Wednesday, August 5, 2015

The Conversation {Schoolhouse Crew Review}

I've read lots of books intended to inform or encourage homeschool parents -- books for homeschooling parents that are just starting out on their homeschooling journey, books about various learning styles and teaching methods, books about homeschooling planning, and even some books about homeschooling children with special needs. Until recently, however, I haven't read any books that were specifically geared towards teaching high school students.

Over the past few weeks, I've been reading The Conversation: Challenging Your Student with a Classical Education by Leigh A. Bortins and distributed by the Classical Conversations bookstore.

I have heard of Classical Conversations for years, but we haven't had a good opportunity to be part of an actual Classical Conversations group. I must confess that I spent some of my reading time feeling a bit jealous of the educational opportunities the Bortins children have had by participating in such a rich environment. Thankfully I realized that it was pointless to yearn for a Classical Conversations group to be part of when there just isn't one in our area. When I changed my jealous mindset, I found that this book had a lot to offer all homeschooling parents.

The first section of the book was a wonderfully encouraging discussion of the joys of homeschooling students through the high school years. Leigh Bortin's intent was to empower parents to approach their child's high school years with the same confidence that they had years earlier when they were reading picture books and teaching basic addition. High school grades can be an exciting time of learning alongside my children, not a time for me to be afraid of.

Much of the rest of the book looks at traditional high school subjects and shows how they would fit into a classical model of education. According to classical educators, high school students have moved past the grammar (memorization) stage and the dialectic (questioning) stage. Generally speaking, teenagers are in the rhetoric stage -- a time when they are searching for truth and then arguing to defend what they see as truth. Conversations with parents (or other interested adults) can guide children as they start to piece together what they are currently studying and what they've learned in years past. Discussions of fine arts topics such as music history can lead into discussions of architecture, world history, and even math or science. Any news article should be evaluated based on worldviews, biases, cultural influences, etc. High school students need adult interactions to make these sorts of connections. High schoolers also need parents who will challenge them to form an educated opinion about topics and then to logically (and convincingly) defend their stance. Even in homeschool families that don't follow a strict classical approach, these conversations are still important for students to develop into mature learners.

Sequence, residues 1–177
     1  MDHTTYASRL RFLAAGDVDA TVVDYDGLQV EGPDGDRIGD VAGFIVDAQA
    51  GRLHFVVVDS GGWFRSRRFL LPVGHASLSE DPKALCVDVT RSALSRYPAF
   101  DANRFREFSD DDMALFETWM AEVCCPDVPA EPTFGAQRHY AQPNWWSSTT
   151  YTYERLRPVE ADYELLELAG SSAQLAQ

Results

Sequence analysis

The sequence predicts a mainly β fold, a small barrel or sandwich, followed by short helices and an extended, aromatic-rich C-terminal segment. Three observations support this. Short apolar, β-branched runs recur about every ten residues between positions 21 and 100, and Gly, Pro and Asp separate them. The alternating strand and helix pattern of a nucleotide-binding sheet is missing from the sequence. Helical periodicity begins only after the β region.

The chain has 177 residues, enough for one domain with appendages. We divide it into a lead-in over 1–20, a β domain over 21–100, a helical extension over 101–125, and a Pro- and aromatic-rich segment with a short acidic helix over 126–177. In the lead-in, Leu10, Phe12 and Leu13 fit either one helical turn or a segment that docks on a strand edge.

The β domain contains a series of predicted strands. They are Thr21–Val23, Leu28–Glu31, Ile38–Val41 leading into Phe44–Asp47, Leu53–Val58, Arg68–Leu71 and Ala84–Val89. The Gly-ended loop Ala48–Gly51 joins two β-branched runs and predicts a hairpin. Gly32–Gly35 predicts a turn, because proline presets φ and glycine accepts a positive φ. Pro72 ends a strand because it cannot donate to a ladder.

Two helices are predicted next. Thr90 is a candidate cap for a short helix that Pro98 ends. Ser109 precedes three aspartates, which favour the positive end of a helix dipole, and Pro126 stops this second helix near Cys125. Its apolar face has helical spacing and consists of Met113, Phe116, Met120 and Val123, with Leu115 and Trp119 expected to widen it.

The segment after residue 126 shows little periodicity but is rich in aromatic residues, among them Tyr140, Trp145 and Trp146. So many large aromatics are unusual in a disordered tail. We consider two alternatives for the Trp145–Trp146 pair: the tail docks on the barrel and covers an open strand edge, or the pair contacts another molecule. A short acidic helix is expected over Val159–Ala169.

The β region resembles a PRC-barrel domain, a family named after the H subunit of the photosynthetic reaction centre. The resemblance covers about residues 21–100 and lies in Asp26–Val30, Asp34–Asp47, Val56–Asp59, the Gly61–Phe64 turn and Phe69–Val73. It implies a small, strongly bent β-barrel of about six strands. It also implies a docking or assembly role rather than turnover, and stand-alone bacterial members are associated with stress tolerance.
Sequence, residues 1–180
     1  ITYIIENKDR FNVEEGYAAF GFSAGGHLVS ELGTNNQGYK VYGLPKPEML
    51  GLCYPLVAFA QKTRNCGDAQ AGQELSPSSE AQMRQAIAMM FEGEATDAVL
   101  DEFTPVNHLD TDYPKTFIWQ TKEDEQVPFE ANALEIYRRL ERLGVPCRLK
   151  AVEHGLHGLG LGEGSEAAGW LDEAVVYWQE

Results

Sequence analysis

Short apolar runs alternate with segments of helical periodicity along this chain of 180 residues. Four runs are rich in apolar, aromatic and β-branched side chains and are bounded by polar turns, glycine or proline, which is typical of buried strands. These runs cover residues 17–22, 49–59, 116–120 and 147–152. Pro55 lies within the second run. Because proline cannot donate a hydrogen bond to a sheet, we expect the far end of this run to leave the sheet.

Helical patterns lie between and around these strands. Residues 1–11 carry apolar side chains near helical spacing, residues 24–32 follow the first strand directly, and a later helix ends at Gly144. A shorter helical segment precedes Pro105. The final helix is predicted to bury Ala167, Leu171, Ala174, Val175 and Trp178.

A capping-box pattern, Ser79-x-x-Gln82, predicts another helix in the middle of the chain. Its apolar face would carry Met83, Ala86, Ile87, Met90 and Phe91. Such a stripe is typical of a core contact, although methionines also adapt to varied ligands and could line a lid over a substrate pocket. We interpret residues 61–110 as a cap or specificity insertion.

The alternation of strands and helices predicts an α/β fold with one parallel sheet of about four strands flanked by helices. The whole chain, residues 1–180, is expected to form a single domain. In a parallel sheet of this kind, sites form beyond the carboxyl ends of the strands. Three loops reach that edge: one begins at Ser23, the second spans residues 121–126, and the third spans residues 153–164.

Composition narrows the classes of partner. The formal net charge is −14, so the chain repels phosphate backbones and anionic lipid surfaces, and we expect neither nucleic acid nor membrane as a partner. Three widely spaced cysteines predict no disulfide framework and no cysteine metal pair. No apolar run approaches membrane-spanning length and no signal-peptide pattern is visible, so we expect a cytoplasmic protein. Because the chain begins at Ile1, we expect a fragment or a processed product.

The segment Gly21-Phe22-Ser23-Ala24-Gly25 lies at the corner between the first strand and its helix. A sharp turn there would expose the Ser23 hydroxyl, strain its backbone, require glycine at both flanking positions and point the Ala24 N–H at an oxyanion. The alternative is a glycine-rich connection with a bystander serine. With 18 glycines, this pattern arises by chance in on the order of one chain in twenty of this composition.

When my children were younger, I was an integral part of every school day. I taught phonics rules, helped them memorize multiplication tables, and read history stories aloud to them. As they grew, they gradually became more independent with their studies. Leigh A. Bortins reminded me that my older students still need me, and perhaps need me even more than I already thought. High schoolers need to think deeply about what they are studying, realize the connections between seemingly separate subjects, form opinions, and perhaps most importantly, learn to defend their thoughts about those matters. My older students need me to help lead them along these paths of thinking and learning. They need me to spend as much time with them now as they did when they were younger. They need me to make time for them in our homeschooling days and devote in to meaningful conversations about what they are learning.

The Conversation is a perfect book to encourage and challenge parents who are homeschooling high school students -- those who are following a classical model of education and those who aren't. In fact, this book was so meaningful for me that I've put the two earlier books in the series, The Core: Teaching Your Child the Foundations of Classical Education and The Question: Teaching Your Child the Essentials of Classical Education, on my wish list. As Lauren enters fourth grade, I see her making the transition between the grammar and dialectic stages of learning. Although I don't consider myself a classical educator and don't necessarily choose the same subjects as many classical educators, I can still use Leigh Bortins's insights into the way children learn and the best ways for homeschool parents to teach and interact with their children.

The Conversation is suitable for parents that are already homeschooling high school students as well as parents of middle school student who will have students reaching the rhetoric stage of development in the next few years. It is currently on sale for $12 (normally $16).

Classical Conversations Review

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